A team at the University of Manchester has created what it claims are the world’s first molecular robots.
The tiny devices – which are a millionth of a millimetre in size and made up of just 150 carbon, hydrogen, oxygen and nitrogen atoms – can be programmed to manipulate individual molecules, a capability that could have applications ranging from new drug advancement to the development of a host of miniaturised systems.
The robots operate by carrying out chemical reactions in special solutions which can then be controlled and programmed by scientists to perform the basic tasks.
Professor David Leigh, who led the research at the University’s School of Chemistry, explained: “All matter is made up of atoms and these are the basic building blocks that form molecules. Our robot is literally a molecular robot constructed of atoms just like you can build a very simple robot out of Lego bricks. The robot then responds to a series of simple commands that are programmed with chemical inputs by a scientist.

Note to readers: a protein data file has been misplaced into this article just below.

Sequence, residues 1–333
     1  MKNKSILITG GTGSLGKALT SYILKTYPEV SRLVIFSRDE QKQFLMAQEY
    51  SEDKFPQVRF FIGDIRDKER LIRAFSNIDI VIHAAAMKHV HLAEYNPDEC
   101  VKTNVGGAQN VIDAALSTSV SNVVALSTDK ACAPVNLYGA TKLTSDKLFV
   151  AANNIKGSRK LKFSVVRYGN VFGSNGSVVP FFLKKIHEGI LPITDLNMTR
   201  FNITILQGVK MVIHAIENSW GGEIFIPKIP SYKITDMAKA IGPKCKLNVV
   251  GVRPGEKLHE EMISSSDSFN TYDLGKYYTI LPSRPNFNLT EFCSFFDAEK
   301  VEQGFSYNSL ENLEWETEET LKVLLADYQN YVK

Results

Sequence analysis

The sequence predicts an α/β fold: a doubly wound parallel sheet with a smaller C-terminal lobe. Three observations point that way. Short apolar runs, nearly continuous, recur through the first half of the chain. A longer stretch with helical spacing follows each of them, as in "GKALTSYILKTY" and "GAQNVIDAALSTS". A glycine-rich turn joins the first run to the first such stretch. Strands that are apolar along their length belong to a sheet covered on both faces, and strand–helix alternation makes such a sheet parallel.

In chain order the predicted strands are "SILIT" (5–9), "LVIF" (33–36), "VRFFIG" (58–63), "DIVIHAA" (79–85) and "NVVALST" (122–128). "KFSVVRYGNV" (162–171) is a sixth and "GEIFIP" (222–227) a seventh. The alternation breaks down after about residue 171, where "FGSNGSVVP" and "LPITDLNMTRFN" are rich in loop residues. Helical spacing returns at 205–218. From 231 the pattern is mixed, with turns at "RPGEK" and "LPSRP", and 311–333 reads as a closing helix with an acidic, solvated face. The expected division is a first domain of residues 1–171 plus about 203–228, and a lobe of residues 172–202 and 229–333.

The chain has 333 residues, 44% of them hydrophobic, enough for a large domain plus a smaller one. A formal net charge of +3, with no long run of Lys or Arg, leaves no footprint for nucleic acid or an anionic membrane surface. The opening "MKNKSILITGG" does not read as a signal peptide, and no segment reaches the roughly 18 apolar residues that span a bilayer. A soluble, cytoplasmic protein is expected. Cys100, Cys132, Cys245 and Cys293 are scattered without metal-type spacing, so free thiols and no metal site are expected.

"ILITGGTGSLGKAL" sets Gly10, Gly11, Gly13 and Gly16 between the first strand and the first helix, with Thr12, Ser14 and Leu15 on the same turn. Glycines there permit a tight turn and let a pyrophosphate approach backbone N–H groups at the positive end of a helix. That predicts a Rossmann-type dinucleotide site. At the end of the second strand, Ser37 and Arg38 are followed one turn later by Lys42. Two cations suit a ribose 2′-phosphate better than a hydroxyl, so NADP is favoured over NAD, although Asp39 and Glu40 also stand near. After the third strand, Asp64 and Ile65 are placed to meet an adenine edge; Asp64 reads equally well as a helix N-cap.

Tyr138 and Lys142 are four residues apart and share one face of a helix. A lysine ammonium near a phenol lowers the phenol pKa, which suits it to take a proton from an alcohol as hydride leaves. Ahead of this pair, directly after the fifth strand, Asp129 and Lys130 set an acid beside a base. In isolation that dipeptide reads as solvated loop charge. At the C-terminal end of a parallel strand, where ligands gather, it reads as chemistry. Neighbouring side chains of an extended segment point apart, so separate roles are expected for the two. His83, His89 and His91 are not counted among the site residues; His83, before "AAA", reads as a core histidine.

“It is similar to the way robots are used on a car assembly line. Those robots pick up a panel and position it so that it can be riveted in the correct way to build the bodywork of a car. So, just like the robot in the factory, our molecular version can be programmed to position and rivet components in different ways to build different products, just on a much smaller scale at a molecular level.”
Commenting on potential applications of the technology Prof Leigh said: “Molecular robotics represents the ultimate in the miniaturisation of machinery. Our aim is to design and make the smallest machines possible. This is just the start but we anticipate that within 10 to 20 years molecular robots will begin to be used to build molecules and materials on assembly lines in molecular factories.”